At no other time of the year do so many people think about personal growth
all at the same time. Fifty percent of Americans make resolutions to improve
themselves or their lives in some way during the yearly transition. There is an
overwhelming perception that change is possible. The hope for something new,
different and better in their lives is higher than at any other time of the
This tradition of celebrating the New Year goes back at least 4000 years to
the ancient Babylonians who celebrated it during Spring equinox. The tradition
of making New Year’s resolutions goes all the way back to 153 B.C. Janus, a mythical king of early Rome was placed at the head of the calendar.
With two faces, Janus could look back on past events and forward to the future.
Janus became the ancient symbol for resolutions.
Have you been swept away in this wave of
positive intentions and made your New Year’s resolutions yet? If not, here is a
list of what other people resolve to do. This may just spark your
introspective self to aspire to new heights. Of the 10 most popular New Year’s goals, four involve physical health related issues, three involve
mental health, two involve social activity and one deals with financial
improvements. Here are the top ten:
- Spend more time with family and friends
- Work out regularly
- Lose weight
- Quit smoking
- Enjoy life more
- Quit or reduce drinking
- Get out of debt
- Learn something new
- Help others
- Get organized
Research shows that 60% of these resolutions will be
broken as of the 6-month mark. The most important factor in preserving the
change is in the process of goal planning and writing.
The most comprehensive assistance for
writing effective resolutions comes from Gary Ryan Blair, “The Goals Guy.” On his site, you are able to download a free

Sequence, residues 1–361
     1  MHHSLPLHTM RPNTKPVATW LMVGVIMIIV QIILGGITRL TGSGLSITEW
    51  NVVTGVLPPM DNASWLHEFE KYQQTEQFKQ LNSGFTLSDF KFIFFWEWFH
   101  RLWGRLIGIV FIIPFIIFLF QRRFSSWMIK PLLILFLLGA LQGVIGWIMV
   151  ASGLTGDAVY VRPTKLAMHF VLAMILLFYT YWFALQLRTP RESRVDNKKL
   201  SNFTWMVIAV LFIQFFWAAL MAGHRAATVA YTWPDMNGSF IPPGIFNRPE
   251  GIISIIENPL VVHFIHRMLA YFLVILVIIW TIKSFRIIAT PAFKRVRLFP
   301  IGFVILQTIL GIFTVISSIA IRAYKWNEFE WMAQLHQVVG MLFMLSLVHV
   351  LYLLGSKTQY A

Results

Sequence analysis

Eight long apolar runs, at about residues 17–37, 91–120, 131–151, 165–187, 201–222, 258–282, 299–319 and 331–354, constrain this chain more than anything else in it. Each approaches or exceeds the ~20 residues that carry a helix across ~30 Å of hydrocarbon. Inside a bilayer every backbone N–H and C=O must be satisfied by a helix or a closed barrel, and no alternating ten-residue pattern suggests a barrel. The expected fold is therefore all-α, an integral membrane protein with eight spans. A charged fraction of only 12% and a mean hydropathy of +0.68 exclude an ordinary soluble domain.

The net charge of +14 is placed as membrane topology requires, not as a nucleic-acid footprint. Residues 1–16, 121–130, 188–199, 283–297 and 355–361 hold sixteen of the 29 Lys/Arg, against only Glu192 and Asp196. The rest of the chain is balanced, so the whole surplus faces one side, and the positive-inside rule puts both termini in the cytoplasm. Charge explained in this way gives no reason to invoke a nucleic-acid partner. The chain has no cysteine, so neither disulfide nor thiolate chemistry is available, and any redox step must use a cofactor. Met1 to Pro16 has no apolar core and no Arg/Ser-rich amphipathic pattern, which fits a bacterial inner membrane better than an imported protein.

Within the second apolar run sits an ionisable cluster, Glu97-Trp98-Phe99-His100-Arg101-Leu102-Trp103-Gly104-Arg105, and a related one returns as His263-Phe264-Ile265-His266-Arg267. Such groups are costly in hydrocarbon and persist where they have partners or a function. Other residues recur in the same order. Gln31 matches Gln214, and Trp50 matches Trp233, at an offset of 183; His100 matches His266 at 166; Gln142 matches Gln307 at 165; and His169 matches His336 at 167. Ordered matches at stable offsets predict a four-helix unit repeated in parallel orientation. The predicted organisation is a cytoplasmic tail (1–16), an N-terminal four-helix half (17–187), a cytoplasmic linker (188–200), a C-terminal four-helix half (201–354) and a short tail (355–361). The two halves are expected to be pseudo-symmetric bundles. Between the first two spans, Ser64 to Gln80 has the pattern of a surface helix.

21-page report which details the five stages of successful resolutions, taken
from the psychology of behavior modification, and also lists four important
resolution guidelines. Gary
also provides forms to guide you through the process.
If you don’t want to spend that much time
with it, I suggest that you at least use the S.M.A.R.T. guidelines in writing your resolutions. These
traditional goal-writing guidelines are used to insure that your goals are
specific, measurable, attainable, realistic and time-bound.
- Feel and
- Express your goal.
Whereas S.M.A.R.T. goals may appeal more to the analytical left-brain
dominant types, S.A.F.E goals may appeal more to those who are generally more creative
or right-brain dominant.
Once you have your goals written, check out
these seven recommendations from two University of Maryland psychiatrists
on how to maintain your resolutions.
If you need free online assistance to reach your goals, check out this impressive collection of web application tools at the
website lifehacker, specifically designed to help you manage your New Year’s
resolutions online including the goal areas of financial gain, weight loss and
fitness, calorie management and goal tracking.
And finally, here are some suggestions to stretch those of you who live more from your heads than your hearts. Inspirational personal development expert James
Arthur Ray , featured on the movie, The Secret, gives
the following five suggestions for self-actualizing yourself in 2008.
- Find inspiration and something you are excited about.
- Specify your intentions. Use the S.M.A.R.T. or S.A.F.E. goal
- Maintain attention and focus. “Energy flows where attention goes.”
- Be grateful. See www.gratefulness.org for more information.
- Be enthusiastic! Go three for three by aligning your thoughts with your feelings with your actions.
Happy New Year!
David Schiesher is a psychotherapist practicing in Geneva.